Conspicuously absent in the answer that follows — which focuses instead on personalities, the politics of nostalgia and digital culture — is the inability of the neoliberal model, specifically since 2008, to provide rising living standards. One exception is an early effort, where the author peculiarly understates the world’s biggest economic crisis since the 1930s, “The recession of 2008-9 was deep, but – at least until the coronavirus pandemic — growth had returned.”

Growth for who is ignored here, as is the fact that across those very countries Applebaum is concerned with — Britain, Poland, Hungary, Spain — living standards have stagnated for more than a decade. In Hungary and Poland GDP per capita didn’t recover to 2008 levels until nine years later. In Spain, where Applebaum speaks to a party operative for the hard-line right-wing Vox Party, even now it remains lower than a decade ago. Given that unemployment in the country, a poster child for the new economy in the early 2000s, was at 14 percent before the coronavirus, that is an extraordinary oversight.

While the term “lost decade” was once applied exclusively to a cluster of countries such as Japan and Italy, since the financial crisis it has grown to encompass much of the OECD (Organization for Economic Co-operation and Development). The number of Americans using food stamps almost doubled in the years following 2007. For all the talk of “fake news” in the 2016 election, when Donald Trump would frequently mention how forty million Americans required federal assistance just to eat — questioning how this represented success under Barack Obama — that figure was entirely accurate.

At one point in the book, Applebaum goes as far to assert that real poverty no longer exists in the Global North, “in the Western World … if we describe them as “poor” or “deprived,” it is sometimes because they lack things that humans couldn’t dream of a century ago, like air-conditioning or wifi.” Tens of millions of people requiring government assistance to eat three square meals a day, and in the world’s wealthiest society, suggests otherwise.

Did all these people vote for Donald Trump in 2016? No, indeed many of America’s poorest communities, especially those of color, plumped for Hillary Clinton (and will for Joe Biden in due course). But given the nature of the US electoral college, and how Trump’s route to the White House ran through previously Democrat states in the country’s “rust belt,” this is another startling omission.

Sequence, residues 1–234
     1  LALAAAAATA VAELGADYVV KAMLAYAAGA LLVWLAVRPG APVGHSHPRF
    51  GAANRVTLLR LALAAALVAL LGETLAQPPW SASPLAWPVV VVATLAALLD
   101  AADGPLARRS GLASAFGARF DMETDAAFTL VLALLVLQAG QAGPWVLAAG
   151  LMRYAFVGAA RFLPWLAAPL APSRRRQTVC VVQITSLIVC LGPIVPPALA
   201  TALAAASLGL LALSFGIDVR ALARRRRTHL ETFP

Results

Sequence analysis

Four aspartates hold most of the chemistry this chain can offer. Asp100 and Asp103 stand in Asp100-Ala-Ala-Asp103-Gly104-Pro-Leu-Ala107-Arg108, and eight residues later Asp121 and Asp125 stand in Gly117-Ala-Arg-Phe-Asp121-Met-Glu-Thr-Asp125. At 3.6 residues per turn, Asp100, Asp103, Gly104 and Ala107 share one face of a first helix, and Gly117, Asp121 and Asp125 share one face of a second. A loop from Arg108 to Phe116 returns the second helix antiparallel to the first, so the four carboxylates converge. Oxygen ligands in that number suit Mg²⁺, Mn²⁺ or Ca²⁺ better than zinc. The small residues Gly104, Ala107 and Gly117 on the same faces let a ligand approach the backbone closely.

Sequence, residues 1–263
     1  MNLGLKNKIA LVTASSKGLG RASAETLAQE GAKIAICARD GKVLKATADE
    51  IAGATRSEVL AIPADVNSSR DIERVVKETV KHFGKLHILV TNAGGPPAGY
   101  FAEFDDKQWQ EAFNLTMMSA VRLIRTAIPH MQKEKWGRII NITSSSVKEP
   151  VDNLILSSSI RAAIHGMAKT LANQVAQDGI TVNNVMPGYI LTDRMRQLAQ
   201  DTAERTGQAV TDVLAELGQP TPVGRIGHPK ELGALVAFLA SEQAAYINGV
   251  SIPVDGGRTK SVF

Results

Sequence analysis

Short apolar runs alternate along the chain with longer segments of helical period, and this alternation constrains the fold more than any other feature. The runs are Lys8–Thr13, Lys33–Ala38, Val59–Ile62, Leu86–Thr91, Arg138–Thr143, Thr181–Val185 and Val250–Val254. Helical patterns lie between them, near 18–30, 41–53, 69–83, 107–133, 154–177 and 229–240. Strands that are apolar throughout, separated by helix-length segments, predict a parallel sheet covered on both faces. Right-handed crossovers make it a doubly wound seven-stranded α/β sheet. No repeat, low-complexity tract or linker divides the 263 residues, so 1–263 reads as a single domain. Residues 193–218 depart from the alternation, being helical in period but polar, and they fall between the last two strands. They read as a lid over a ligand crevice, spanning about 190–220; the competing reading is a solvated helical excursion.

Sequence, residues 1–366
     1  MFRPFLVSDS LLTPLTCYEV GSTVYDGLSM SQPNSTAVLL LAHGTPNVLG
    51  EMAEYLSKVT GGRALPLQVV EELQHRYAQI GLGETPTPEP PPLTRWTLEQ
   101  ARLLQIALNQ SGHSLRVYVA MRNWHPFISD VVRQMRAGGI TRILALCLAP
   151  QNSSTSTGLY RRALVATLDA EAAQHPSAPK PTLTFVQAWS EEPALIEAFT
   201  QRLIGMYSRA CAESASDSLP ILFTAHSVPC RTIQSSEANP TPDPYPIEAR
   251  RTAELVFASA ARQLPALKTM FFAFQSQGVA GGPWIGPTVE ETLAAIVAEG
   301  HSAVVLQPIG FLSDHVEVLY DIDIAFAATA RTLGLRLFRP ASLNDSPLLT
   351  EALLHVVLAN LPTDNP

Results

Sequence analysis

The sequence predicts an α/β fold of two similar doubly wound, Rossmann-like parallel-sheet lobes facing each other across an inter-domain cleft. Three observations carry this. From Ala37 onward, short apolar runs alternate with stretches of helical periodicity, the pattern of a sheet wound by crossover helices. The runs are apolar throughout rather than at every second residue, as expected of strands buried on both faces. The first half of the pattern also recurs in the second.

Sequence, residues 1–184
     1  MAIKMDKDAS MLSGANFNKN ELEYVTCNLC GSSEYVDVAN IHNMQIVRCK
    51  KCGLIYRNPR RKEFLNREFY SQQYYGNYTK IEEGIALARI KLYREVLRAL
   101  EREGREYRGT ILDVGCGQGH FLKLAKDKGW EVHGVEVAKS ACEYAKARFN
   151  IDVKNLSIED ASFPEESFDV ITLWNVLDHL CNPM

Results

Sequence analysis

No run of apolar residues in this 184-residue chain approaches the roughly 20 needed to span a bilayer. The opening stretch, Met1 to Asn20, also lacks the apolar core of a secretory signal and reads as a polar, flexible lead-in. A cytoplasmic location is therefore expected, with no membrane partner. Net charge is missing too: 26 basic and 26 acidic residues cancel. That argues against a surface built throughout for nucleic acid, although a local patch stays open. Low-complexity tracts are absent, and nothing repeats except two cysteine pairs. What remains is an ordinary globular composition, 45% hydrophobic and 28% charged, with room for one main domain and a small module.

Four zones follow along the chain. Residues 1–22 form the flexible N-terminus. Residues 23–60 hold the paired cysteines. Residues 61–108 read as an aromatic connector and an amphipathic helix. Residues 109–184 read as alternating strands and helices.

Then there is Britain, where the author regards Brexit as an almost exogenous and entirely unexpected shock. But, while leaving the EU counted few supporters among Tory MPs before 2016, a majority of the party’s membership had long favored withdrawal.

Margaret Thatcher is depicted as a heroine throughout the book, yet she undeniably bequeathed a more Euroskeptic party to John Major than she inherited from Ted Heath. The vote itself may have been four years ago, but the foundation was laid when Thatcher endorsed her party’s “Maastricht Rebels” a quarter of a century earlier.

As with Trump, Brexit was not powered by the “left behind,” nor was the victory of Boris Johnson last December a consequence of his being a ferocious tribune of the people. But if parallels are to be drawn between now and the 1930s, one cannot ignore the manifold failures of neoliberalism for more than a decade.

Trump, Brexit, and Johnson don’t happen entirely because of the blue-collar working class, but from Bolsover in Britain to Bethlehem in Pennsylvania, those previous Democrat and Labour voters put them over the top.

Misplaced Nostalgia